Friday, 3 July 2020

Book #54

The Haunting of Hill House by Shirley Jackson

Four seekers have arrived at the rambling old pile known as Hill House: Dr. Montague, an occult scholar looking for solid evidence of psychic phenomena; Theodora, his lovely and lighthearted assistant; Luke, the adventurous future inheritor of the estate; and Eleanor, a friendless, fragile young woman with a dark past. As they begin to cope with chilling, even horrifying occurrences beyond their control or understanding, they cannot possibly know what lies ahead. For Hill House is gathering its powers - and soon it will choose one of them to make its own.

Often lauded as the paragon of the haunted house novel, The Haunting of Hill House is a dark and malevolent collection of words designed to unsettle, perplex, and ultimately terrify a reader. Jackson’s skill here is outstanding; my anxiety levels were consistently intense for the entirety.

Four very different people arrive at Hill House to carry out an experiment on the reported supernatural activity emanating from its walls. Although written in third person, we see the house through the eyes of Eleanor Vance, a lonely and susceptible young woman who longs for acceptance and belonging. If this type of person strikes you as the kind most likely to be cajoled by dark forces, you’d be absolutely correct.

Of course, odd things begin to happen; of course it quickly becomes a house of horror, a house of tension, and a house of fraught relationships. We see each of the characters’ mental states waver, but Eleanor most of all. Jackson subtly asks us to consider whether the apparent ghostly happenings are a product of the house, or a product of someone within the house. If the answer is the latter, the theory could remain that the house is still to blame.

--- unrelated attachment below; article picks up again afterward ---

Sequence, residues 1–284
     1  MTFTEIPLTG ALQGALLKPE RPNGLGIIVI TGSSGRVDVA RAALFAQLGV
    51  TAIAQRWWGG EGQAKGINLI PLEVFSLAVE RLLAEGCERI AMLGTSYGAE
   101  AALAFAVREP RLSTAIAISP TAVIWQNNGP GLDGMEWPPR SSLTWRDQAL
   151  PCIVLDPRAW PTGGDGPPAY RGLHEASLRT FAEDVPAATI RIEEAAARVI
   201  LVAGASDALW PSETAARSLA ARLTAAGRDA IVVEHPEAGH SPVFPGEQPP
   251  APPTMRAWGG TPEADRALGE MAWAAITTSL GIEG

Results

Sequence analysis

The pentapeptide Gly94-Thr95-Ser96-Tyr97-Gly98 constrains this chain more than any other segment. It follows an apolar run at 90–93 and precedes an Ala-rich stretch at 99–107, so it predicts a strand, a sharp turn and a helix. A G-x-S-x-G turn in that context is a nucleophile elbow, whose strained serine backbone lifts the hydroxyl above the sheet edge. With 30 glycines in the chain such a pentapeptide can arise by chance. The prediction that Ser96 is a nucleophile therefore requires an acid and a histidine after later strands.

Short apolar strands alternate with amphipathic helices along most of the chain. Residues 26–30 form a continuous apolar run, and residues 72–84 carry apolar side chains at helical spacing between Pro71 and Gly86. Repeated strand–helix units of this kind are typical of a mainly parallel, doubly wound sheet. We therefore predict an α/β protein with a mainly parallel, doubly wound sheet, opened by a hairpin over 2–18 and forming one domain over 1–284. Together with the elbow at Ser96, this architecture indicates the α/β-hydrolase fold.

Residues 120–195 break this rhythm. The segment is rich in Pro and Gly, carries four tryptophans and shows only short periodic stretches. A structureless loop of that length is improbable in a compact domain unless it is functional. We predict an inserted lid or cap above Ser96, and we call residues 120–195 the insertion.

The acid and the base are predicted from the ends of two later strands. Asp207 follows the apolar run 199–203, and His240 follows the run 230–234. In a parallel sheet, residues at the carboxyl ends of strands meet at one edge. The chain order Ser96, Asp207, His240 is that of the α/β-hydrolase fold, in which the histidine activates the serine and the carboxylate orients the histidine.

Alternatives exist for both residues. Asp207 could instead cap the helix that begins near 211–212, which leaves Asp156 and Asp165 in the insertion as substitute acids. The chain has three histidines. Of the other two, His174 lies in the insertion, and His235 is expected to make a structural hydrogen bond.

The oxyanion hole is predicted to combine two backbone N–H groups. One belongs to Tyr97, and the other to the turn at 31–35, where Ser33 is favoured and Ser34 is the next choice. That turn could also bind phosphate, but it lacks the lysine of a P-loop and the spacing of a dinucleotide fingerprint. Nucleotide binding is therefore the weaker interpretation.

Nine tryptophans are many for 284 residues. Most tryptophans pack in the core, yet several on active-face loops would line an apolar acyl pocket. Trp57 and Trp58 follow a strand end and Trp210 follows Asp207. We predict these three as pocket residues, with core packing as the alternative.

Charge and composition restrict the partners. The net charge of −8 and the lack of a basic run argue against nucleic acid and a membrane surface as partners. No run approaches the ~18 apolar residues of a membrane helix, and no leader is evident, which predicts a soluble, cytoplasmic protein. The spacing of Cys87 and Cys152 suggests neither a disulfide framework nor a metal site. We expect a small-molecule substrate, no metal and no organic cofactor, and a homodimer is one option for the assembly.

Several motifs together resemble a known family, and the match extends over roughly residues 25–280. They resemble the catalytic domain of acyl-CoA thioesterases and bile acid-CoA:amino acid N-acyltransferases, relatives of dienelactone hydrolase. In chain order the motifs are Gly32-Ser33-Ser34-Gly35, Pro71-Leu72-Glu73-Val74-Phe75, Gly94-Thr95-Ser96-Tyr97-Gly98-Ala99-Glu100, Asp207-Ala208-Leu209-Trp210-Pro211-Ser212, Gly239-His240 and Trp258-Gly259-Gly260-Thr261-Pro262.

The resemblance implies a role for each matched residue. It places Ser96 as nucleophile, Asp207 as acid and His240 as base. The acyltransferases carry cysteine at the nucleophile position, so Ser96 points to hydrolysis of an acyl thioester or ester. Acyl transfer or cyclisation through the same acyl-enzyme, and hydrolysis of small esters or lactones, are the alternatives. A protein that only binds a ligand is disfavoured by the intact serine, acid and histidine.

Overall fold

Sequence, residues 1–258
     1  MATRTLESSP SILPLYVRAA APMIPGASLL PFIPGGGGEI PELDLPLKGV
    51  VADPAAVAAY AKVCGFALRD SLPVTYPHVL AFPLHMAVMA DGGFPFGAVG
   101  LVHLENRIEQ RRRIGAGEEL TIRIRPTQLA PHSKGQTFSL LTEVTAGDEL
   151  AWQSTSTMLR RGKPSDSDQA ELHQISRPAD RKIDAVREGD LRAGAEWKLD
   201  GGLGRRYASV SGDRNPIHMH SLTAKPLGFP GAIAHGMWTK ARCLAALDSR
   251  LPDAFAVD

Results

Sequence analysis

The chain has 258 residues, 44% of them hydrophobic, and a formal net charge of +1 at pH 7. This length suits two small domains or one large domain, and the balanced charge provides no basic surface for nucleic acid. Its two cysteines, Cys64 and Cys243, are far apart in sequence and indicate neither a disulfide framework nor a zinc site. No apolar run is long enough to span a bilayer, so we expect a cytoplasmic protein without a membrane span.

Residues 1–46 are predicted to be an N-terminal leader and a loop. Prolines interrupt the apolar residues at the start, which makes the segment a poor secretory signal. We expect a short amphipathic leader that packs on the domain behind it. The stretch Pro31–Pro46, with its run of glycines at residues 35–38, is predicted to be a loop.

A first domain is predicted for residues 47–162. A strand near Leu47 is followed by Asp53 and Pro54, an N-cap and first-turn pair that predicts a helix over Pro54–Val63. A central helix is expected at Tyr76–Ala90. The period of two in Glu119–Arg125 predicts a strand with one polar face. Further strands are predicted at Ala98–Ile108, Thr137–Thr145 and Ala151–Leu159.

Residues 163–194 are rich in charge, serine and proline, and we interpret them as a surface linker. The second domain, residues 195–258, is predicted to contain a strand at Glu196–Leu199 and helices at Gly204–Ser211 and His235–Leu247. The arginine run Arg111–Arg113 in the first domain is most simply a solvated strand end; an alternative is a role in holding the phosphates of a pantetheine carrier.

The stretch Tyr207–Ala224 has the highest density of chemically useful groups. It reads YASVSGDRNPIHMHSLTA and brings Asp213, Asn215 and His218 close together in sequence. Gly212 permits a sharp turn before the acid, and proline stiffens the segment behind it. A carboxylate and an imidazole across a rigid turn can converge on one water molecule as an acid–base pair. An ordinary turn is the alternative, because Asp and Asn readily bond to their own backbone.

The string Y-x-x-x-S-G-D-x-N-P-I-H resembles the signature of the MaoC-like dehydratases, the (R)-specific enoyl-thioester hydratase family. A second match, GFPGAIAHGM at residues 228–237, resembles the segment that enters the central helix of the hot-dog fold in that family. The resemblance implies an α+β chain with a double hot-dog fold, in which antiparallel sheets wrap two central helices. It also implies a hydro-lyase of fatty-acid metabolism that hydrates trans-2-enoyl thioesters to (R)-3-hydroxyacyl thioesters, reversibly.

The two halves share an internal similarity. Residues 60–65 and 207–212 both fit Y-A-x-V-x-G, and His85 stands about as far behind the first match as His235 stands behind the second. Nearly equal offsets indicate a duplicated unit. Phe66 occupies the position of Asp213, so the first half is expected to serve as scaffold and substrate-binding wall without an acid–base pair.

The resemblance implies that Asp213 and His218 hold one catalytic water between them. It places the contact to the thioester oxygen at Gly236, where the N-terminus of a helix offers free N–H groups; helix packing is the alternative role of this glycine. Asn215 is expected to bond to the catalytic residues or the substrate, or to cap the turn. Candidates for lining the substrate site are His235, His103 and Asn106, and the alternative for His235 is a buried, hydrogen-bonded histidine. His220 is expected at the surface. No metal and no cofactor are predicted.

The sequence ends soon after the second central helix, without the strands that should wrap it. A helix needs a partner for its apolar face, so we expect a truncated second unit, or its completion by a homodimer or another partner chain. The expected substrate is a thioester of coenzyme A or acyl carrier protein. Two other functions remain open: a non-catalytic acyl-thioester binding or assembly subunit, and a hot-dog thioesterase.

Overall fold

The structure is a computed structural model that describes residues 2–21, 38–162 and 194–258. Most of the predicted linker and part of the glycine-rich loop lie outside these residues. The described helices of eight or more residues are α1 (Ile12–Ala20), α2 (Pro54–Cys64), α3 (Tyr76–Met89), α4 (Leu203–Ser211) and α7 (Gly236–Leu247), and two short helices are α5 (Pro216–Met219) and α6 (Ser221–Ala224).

Jackson’s prose here is perfectly Gothic, and perfectly, deliciously, haunting. Her words seemed to ripple, to create dread, to encourage disorientation. They created a jarring and disjointed account, propelling us almost into the same emotional state as those who were in the house. She gives, she keeps things to herself, she produces the most sickening churning in the stomach.

I also really enjoyed some of the subtle commentary on social issues in the fifties. Theodora lives with a ‘friend - a clear indication of her sexuality these days, yet perhaps not quite clear enough for people at the time. This subtly would have been essential for Jackson if she didn’t want to incite outrage. Eleanor, who lives as a single woman with her sister and her husband, can pack the entirety of her belongings in a box - was this the worth of an unmarried woman back then? Her feelings of isolation and not having a home reinforce this, and heartbreakingly so.

My favourite, and the most wonderful thing here is that Jackson never explains; everything is left for the reader to interpret, and decide for themselves what happened. I feel as though I’m still reeling, still futilely trying to understand, unable to accept that I never will.

The mark of a true horror novel - one which haunts you and leaves questions behind.